Any therapist or self-help guru will tell you upfront, you can’t get into a relationship thinking that you can change the other person. They will tell you that this is an exhausting, destructive predicament that will lead to heartbreak rather than the outcome that you had wished for. They will warn you off of making a further commitment. So will your best friend, your mom, and your great aunt Jean.
Yesterday, I learned that the National Wildlife Federation has aligned with Scotts, the company responsible for manufacturing several garden and agricultural toxins, including Miracle Gro and Roundup. Those of you who are familiar with this beloved environmental protection group will likely have the same reaction that I did. How? How can they champion for the environment with a massive environmental polluter as a beneficiary?
Where was their great aunt Jean when they needed her?
I don’t always hold myself back before making snap assessments and judgements, and it was in the spirit of hearing how they could possibly justify this partnership that I tuned in at 1pm EST today to watch and listen as NWF CEO Larry Schweiger spoke live and online about the decision and what it means for the future of the organization forward. Although the presentation left me cold and disappointed, I can’t say I was surprised to hear a whole lot of spin as well as some pretty conflicting talking points. Like anyone that has entered into a bad relationship with the misguided assumption that they can affect change from the inside, it seems as if the NWF have their head in the clouds and don’t really know what in the hell they are doing.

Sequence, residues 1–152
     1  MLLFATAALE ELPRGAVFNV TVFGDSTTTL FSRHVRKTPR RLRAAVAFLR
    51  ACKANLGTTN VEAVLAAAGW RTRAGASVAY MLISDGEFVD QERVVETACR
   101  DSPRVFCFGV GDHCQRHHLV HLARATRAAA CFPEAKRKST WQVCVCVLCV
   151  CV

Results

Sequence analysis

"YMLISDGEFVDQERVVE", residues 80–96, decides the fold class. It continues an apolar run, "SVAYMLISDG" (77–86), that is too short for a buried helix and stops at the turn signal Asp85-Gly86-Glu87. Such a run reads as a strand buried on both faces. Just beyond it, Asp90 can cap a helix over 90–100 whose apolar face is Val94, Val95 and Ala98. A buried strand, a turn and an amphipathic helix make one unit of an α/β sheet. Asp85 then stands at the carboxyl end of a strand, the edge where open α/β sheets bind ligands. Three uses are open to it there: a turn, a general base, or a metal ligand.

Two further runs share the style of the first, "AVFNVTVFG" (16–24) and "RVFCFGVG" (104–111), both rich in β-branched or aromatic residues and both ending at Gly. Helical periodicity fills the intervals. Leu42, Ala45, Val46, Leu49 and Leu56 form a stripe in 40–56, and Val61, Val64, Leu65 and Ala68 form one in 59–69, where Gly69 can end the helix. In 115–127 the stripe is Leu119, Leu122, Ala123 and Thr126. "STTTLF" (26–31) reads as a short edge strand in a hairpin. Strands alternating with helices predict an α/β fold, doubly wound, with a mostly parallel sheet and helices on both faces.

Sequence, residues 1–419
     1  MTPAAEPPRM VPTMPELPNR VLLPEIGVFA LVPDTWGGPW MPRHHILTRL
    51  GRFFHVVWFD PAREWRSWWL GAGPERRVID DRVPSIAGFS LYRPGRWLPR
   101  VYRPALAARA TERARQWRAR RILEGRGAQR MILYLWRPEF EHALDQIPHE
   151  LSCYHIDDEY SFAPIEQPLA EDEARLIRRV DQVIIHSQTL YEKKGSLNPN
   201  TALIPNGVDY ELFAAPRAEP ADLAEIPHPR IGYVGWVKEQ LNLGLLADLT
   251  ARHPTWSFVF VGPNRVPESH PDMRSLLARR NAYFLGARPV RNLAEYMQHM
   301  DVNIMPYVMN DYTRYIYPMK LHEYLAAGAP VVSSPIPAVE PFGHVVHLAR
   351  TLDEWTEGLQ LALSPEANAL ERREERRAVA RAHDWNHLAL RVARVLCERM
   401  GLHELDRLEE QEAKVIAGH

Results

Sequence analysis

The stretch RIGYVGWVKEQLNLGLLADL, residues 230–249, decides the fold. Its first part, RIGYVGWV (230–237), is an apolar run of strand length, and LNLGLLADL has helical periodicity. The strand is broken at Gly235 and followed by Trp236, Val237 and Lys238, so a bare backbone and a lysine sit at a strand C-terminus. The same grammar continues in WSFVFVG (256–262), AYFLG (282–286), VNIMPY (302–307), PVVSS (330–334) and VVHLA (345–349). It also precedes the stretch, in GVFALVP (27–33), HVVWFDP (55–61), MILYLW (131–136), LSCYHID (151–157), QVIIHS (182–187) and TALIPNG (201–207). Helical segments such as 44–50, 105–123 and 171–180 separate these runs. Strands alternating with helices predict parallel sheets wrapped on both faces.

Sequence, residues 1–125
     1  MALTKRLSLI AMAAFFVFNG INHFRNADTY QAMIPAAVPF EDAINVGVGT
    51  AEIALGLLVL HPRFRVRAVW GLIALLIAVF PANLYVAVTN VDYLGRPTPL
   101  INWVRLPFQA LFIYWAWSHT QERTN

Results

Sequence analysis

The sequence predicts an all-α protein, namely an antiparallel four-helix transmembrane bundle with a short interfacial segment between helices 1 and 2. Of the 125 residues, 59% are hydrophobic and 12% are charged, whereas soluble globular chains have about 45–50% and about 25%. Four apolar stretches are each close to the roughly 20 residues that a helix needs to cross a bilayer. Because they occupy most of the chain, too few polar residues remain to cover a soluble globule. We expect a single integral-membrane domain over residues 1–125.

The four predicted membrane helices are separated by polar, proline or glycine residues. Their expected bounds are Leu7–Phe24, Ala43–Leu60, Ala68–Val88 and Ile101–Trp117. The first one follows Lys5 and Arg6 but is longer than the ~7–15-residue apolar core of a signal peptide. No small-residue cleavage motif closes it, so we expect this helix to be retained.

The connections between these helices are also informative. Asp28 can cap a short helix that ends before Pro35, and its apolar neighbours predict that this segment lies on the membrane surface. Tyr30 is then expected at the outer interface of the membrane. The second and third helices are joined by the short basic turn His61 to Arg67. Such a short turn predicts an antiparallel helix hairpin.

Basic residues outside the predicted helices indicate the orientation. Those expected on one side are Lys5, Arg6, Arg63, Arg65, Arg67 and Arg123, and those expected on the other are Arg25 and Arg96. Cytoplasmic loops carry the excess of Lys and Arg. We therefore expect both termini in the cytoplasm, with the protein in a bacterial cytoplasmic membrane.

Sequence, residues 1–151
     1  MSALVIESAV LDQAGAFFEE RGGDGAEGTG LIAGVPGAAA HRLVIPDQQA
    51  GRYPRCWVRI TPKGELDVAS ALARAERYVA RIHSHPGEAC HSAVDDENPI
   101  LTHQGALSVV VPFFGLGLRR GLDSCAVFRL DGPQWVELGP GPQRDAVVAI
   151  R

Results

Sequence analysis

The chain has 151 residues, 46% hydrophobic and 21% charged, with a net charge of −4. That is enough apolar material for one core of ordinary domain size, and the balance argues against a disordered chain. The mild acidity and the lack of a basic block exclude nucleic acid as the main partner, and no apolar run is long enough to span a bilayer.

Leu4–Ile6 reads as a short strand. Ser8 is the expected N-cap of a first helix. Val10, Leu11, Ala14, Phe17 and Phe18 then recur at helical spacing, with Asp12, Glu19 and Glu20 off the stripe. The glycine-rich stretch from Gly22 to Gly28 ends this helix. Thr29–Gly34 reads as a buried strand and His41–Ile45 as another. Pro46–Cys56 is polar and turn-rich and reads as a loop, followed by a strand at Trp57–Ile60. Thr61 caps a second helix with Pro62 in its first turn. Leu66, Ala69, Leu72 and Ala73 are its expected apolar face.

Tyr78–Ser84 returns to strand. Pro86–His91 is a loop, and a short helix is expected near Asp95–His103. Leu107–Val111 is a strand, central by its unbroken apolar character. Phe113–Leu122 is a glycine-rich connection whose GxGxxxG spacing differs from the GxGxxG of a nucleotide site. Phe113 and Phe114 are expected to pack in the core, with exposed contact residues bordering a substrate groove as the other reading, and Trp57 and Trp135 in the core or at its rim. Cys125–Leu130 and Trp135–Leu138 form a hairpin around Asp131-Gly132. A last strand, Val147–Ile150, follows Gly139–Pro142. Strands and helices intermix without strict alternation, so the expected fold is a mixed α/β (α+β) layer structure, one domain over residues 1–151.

To add further insult to injury, I was informed via Twitter later this afternoon that they had rearranged their Facebook page [note that my link takes you inside, beyond the splash page] so that you have to switch views to see the plethora of dissenting comments and making it a more convoluted process to add a comment. Tricksy. The message is clear, “We care what you, our members and supporters think about this partnership. Psych!”
So many people have already eloquently and passionately written about this debacle, including The Native Plants & Wildlife Gardens website that has published two very thorough posts on this case. [1 | 2]
I urge you to read the exhaustive background information that they’ve provided as well as some of the writers below. And as always your thoughts on this are very welcome in the comments below.
- Follow some of the discussion on Twitter via the #NWF hashtag.
- Margaret at Away to Garden has a discussion going. This comment in particular makes a good point about the state of the gardening industry as it relates to sponsorship by chemical giants like Scotts.
- Benjamin Vogt has written a very heartfelt summary of why this is important.